How to Make the Ancient Roman Fish Sauce Garum at Home

If you're looking for a new quarantine cooking project, consider making an Ancient Roman recipe for fish sauce in your kitchen. To cook it, you'll need a pound of salt, two pounds of fish, and a high tolerance for strong smells.

For his YouTube series Tasting History, host Max Miller shares the history behind old recipes while recreating them as faithfully as possible from home. In the video below, he highlights garum: a fish sauce that was a beloved condiment in Ancient Rome.

Traditionally, garum is made by layering oily fish, herbs, and salt in a barrel and allowing the mixture to sit in the sun for months until the ingredients break down into a pungent, fermented liquid. This fermentation method also produces an odor that's hard to ignore, so for Miller's version, he chose a recipe from the 10th century agriculture book Geoponica that speeds up the process by boiling the fish in water.

Rotten fish juice may sound like an unusual culinary relic, but several versions of it are still enjoyed today. Fish sauce is popular in parts of Asia, and Worcestershire sauce—which contains anchovies—is produced in England. Garum was also similar to ancient ketchup, which was originally made from fermented fish guts. Most modern versions of the condiment no longer feature the funky ingredient.

Garum was served with a variety of dishes in Ancient Rome, including salads, savory meats, and desserts. You can investigate the sauce's appeal for yourself by following along with the recipe in Tasting History's video below.

Friday’s Best Amazon Deals Include Digital Projectors, Ugly Christmas Sweaters, and Speakers

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As a recurring feature, our team combs the web and shares some amazing Amazon deals we’ve turned up. Here’s what caught our eye today, December 4. Mental Floss has affiliate relationships with certain retailers, including Amazon, and may receive a small percentage of any sale. But we only get commission on items you buy and don’t return, so we’re only happy if you’re happy. Good luck deal hunting!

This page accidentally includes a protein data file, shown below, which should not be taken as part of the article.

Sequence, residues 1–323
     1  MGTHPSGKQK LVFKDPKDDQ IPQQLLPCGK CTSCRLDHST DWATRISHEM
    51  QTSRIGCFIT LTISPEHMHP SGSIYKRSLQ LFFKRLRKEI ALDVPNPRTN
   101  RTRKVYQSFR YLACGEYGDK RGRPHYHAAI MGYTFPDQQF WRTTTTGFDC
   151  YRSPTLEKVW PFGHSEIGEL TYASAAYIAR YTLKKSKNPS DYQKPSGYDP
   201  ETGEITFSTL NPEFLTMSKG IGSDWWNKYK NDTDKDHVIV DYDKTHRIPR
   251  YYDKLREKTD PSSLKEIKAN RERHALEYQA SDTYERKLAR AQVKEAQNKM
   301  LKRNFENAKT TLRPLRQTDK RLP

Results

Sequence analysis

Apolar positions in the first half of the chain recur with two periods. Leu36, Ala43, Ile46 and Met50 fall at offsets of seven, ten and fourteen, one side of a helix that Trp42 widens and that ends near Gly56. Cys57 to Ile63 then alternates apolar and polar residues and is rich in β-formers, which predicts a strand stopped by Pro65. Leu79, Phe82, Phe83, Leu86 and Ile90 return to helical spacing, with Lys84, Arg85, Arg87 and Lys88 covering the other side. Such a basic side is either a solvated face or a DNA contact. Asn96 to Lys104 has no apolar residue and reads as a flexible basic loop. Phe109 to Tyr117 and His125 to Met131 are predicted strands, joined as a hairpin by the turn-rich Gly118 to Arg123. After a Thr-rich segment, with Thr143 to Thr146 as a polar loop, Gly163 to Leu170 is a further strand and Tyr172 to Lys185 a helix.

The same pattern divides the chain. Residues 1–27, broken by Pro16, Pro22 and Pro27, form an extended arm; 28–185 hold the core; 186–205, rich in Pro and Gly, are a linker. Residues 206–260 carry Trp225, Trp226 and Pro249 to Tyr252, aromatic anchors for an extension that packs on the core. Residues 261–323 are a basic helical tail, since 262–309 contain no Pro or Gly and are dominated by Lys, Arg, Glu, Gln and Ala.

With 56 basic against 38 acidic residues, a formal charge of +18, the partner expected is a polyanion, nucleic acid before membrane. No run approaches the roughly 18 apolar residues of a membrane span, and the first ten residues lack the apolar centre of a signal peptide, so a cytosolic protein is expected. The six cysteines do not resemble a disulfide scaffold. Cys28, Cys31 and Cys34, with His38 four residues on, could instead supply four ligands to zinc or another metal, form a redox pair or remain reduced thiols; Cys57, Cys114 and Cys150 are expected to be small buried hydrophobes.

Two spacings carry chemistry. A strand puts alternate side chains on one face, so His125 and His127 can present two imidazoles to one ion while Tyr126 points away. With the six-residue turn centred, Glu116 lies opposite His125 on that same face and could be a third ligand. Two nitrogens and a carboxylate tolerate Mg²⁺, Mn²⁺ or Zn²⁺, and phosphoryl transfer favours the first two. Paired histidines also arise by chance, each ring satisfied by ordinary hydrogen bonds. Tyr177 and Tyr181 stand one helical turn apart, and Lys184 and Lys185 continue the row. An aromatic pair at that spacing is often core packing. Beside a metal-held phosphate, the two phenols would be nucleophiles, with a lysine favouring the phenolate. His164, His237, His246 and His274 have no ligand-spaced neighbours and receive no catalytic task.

You Can Make Baby Yoda’s Favorite Blue Cookies at Home

© LUCASFILM
© LUCASFILM

Season 2 of The Mandalorian has revealed some important plot elements, but fans of the Star Wars series are still asking one question: What were those little blue cookies Baby Yoda ate in episode four? While you can't hitch a ride to the planet Nevarro to find out, you can now bake your own version of the snack at home, A.V. Club reports.

Mandalorian creator Jon Favreau recently teamed up with Binging With Babish’s Andrew Rea to adapt the intergalactic recipe for Earth kitchens. Baby Yoda (a.k.a. The Child, a.k.a. Grogu) has an adventurous appetite, but these aqua-blue cookies may be the most delicious-looking thing he eats on the show.

Favreau revealed that the cookies used on set were basically blue-raspberry macarons. Rea recreates two versions of the snack: traditional French macarons with bright-blue food coloring, and a simpler, Nilla wafer-like confection that's easier to make. You can follow along with both recipes in the video below.

If you're not interested in making Baby Yoda's cookies from scratch, you can also buy Nevarro Nummies from Williams Sonoma for $50. Here are more products celebrating season 2 of The Mandalorian.

[h/t A.V. Club]